A few years after they began doing medical caravans on Ukerewe Island, and had been passing by a building that said Lake Victoria Children, Cathy and Elizabeth decided to go in and see what they do. A small Tanzanian non-government organization, they run a nursery school that feeds and teaches two classes full of little ones. Parents paying only what they can afford which is sometimes nothing. They run a Back to School program to assist vulnerable children with uniform and school supplies. They also have volunteer community ambassadors in 68 villages who monitor communities for families in urgent need. LVC works very much from a volunteer basis and finds funding for expenses where and when they can. Cathy has been supporting the work of this small local registered non-profit organization working to provide children with a better today and a brighter tomorrow with no government or stable, ongoing funding. LVC provides project management for the infrastructure projects completed on Ukerewe Island.
Lake Victoria Children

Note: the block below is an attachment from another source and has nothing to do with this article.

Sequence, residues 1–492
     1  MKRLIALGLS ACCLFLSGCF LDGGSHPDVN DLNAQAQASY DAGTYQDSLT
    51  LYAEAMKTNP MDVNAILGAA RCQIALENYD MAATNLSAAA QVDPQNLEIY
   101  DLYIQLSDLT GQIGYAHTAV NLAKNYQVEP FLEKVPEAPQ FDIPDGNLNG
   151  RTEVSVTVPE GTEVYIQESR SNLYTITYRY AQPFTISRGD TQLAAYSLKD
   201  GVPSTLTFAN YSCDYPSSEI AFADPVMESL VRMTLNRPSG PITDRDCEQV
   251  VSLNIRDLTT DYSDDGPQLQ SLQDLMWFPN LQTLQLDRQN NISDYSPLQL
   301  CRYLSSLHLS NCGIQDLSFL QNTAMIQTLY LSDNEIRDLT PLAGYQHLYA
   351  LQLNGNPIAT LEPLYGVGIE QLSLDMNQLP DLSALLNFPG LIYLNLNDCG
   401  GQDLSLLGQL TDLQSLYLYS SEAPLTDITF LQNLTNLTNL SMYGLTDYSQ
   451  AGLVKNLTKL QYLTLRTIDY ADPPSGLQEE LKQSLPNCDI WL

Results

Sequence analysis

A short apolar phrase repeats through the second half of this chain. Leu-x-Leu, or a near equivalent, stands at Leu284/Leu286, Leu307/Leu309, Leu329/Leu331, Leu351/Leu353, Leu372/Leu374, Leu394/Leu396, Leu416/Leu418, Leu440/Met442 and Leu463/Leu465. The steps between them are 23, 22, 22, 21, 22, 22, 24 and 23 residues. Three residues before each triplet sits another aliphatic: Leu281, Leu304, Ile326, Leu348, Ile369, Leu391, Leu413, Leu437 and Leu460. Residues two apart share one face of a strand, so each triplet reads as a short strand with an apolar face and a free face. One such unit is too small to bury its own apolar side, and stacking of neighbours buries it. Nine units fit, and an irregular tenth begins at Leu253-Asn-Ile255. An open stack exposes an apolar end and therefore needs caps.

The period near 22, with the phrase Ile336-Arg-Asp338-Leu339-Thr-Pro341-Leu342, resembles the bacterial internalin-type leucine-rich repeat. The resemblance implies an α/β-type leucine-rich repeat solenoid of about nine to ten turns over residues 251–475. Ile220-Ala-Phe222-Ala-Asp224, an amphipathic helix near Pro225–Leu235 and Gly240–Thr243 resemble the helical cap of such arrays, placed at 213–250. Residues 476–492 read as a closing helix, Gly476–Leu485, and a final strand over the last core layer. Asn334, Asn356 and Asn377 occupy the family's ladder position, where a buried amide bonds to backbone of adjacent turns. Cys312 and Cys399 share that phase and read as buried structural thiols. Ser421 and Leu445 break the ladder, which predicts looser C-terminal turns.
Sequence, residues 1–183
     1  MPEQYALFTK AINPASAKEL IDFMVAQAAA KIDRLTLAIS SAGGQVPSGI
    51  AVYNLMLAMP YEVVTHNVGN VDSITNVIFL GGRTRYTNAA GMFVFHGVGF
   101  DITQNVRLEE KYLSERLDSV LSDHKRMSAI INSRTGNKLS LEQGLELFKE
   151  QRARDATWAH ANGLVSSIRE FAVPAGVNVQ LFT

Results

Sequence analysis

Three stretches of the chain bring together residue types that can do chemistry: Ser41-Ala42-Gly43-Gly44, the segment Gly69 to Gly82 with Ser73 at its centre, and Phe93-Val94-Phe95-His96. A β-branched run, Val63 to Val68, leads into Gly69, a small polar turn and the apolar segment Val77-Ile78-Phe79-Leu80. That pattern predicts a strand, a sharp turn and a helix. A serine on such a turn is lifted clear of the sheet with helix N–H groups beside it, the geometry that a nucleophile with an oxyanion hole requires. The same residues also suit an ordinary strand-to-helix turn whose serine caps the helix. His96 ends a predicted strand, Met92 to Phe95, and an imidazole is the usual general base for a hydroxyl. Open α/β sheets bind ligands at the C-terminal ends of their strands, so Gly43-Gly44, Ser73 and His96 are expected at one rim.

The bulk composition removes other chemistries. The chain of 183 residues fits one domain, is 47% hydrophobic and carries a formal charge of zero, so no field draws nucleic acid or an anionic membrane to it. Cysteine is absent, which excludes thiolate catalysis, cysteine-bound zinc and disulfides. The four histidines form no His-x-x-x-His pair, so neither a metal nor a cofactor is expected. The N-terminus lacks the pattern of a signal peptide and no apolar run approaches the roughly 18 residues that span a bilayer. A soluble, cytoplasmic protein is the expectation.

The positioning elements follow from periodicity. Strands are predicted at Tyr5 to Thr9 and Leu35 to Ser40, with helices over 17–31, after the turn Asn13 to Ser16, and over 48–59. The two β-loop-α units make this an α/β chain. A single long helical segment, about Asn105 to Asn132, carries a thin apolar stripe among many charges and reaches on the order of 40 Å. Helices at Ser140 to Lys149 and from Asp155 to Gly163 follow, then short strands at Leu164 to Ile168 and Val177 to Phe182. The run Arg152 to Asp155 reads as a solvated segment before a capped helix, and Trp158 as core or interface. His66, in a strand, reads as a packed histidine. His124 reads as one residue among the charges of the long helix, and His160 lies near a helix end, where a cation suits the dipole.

Lake Victoria Children’s Emergency Health Fund
The Lake Victoria Children’s Emergency Health Fund assists vulnerable children and their families when dealing with emergency medical situations. The children live on Ukerewe Island in Lake Victoria, Tanzania, one of the most isolated, poverty stricken communities in the country. Health care practitioners see many medical diseases and life threatening emergencies including, for example, malnutrition, club feet, malaria, schistosomiasis, broken and infected bones, cholera, intestinal worms, and TB. This fund can cover the cost of health insurance, medical testing, treatment, surgery, transportation, food, and medications. This fund supports children who cannot afford medical treatment and would otherwise go without, at great risk to their health and wellbeing.
Imani Women’s Income Generating project